Thursday, April 7, 2016

How Much Is Enough?

Almost every day, Amanda Henry reports on her City of Hudson Commissioner for the Aging Facebook page about a new donation made to the Senior Center by a business or an individual--a computer from Jonathan's, shelves from Mario's in Valatie, storage items from Lowe's, cards and board games from one donor, a toaster from another, and a host of other items.

But the generosity of many and the tireless (often thankless) effort of one are coming up short when it comes to getting the Senior Center open and ready for business. 

In her report to the Common Council Youth & Aging Committee on Wednesday night, Henry asserted: "Unless the City is willing to support the opening of the Center, other funders will not--it’s that simple. Outside funding opportunities exist for programs that will help keep seniors safely in their homes and community for longer--out of assisted living facilities. Programs that address healthy lifestyle choices, exercise, nutrition, and maintaining cognitive ability are far more attractive to foundations. Funding requests for social and recreational programs are unlikely to be granted."

Henry explained that her goal was to make the senior center self-funding within two years. The means to accomplish this goal recommended by Henry is to form a not-for-profit "Friends of the Senior Center," with a board of directors, which would function under the umbrella of the Columbia County Chamber of Commerce until it was awarded its own 5o1(c)3 status.

Henry also informed the committee that, after more than three months of working full time and gratis to develop a senior program for the City of Hudson, she would being leaving her position as Commissioner for the Aging effective April 11. She characterized the work she has been doing as that of an executive director not a commissioner and offered to continue the work of executive director, on a consultancy basis, full time until the middle of May and two days a week from mid-May to mid-June, to see the project through to its next phase. She recommended hiring someone part time--20 hours a week--with "direct experience in running a senior center and the necessary computer skills to provide the metrics we will need in order to apply for outside funding." She indicated that George Bednar, who retired a year or so ago as recreation supervisor at the Youth Center and is currently employed as the bingo caller for seniors at the Youth Center, would continue working 10 hours a week "in a support and custodial role."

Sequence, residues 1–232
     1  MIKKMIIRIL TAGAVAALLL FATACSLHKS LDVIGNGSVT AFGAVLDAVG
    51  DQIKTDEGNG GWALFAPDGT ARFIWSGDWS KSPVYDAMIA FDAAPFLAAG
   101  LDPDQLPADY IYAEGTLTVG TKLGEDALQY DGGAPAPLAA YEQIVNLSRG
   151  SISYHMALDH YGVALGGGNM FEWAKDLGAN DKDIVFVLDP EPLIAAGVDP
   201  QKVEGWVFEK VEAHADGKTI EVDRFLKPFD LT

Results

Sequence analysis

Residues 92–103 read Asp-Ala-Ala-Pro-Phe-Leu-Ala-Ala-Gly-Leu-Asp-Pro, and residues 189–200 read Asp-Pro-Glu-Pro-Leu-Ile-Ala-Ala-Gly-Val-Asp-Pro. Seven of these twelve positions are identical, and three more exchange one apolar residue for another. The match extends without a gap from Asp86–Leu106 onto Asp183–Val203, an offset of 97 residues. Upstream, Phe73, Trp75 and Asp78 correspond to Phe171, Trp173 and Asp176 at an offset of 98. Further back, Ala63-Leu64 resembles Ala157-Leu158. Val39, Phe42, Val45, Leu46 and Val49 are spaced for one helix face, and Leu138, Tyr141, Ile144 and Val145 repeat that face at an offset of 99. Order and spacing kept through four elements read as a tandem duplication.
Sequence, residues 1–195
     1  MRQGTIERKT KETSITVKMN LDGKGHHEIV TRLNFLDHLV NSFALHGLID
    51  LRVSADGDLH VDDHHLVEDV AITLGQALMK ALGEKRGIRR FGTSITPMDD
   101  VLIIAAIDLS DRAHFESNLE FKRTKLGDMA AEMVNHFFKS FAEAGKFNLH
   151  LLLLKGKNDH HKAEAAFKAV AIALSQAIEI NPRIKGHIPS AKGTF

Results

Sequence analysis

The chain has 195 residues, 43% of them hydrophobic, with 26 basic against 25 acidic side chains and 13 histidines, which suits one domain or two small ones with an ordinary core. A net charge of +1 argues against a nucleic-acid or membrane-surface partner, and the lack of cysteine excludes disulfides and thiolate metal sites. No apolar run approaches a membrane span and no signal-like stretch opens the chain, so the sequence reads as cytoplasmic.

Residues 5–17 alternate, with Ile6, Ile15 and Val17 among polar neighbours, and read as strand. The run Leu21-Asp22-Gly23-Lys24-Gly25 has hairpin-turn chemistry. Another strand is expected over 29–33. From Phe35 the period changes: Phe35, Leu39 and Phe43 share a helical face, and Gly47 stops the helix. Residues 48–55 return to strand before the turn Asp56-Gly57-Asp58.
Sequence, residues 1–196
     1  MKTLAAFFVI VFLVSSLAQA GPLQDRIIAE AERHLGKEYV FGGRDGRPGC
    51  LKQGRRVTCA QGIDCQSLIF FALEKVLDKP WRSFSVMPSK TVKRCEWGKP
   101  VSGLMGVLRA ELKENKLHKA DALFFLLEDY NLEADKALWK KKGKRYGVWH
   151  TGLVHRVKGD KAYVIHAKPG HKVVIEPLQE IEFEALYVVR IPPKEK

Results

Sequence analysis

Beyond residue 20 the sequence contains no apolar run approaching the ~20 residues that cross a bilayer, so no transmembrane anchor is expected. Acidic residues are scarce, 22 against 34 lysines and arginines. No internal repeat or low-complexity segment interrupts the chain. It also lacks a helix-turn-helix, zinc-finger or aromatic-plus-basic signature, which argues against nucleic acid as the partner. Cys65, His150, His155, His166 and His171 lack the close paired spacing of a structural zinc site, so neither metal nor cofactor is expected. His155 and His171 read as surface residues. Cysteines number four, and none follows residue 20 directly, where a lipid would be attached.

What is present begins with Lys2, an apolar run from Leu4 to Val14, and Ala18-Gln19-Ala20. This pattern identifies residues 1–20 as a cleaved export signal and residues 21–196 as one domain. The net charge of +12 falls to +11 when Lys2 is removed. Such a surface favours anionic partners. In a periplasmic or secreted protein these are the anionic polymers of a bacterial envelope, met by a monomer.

All of what Henry proposed would cost $11,657.75 more than the $90,012 budgeted for the senior center and senior programming in 2016--$50,012 of which goes to the Galvan Foundation to make good the commitment Galvan maintains HCDPA made to the Senior Center back in 2012. The committee agreed to forward a resolution to the full Council to appropriate the requested $11,657.75.

Also seeking more money was Youth Commissioner Ken Hollenbeck. In the 2016 city budget, a total of $247,079 was appropriated for the Youth Department. Hollenbeck wants another $54,800 to hire a part-time youth director and nine more (than were budgeted for) part-time employees for the summer and to purchase a new pool table ($2,100), bumper pool table ($1,100), air hockey table ($1,600), and the accessories for the above ($500), as well as three new computers ($2,400). The committee agreed to forward a resolution to the full Council to appropriate these funds as well.

Interestingly, what Hollenbeck requested for the Youth Department--$54,669.75 over and above the quarter of a million dollars budgeted for 2016--is more than the total of what was budgeted for the Senior Center ($40,000) and what Henry requested ($11,657.75): $54,669.75 more for the Youth Department, $51,669.75 in total for the Senior Center.


  1. the City of Hudson is not a huge urban center that has tons of money from all sorts of tax revenue.

    Hudson is a city with a tiny tax base where 40% of the property is off the tax rolls.

    Hudson doesnt have any money, and cannot afford all these complex structures to provide its citizens with services. it cant even have garbage pick up.

    amanda henry is right. Hudson needs a charitable foundation that is charitable, meaning it gives with both hands and doesnt take anything back.

  2. Can this be the same city that deployed a Jack Booted Centurion Guard, to remove a member funded not for profit from shore and wants to replace it with NFPs whose paid staffs, require grant dollars and the DPW to do what fishermen have done historically, as a labor of love?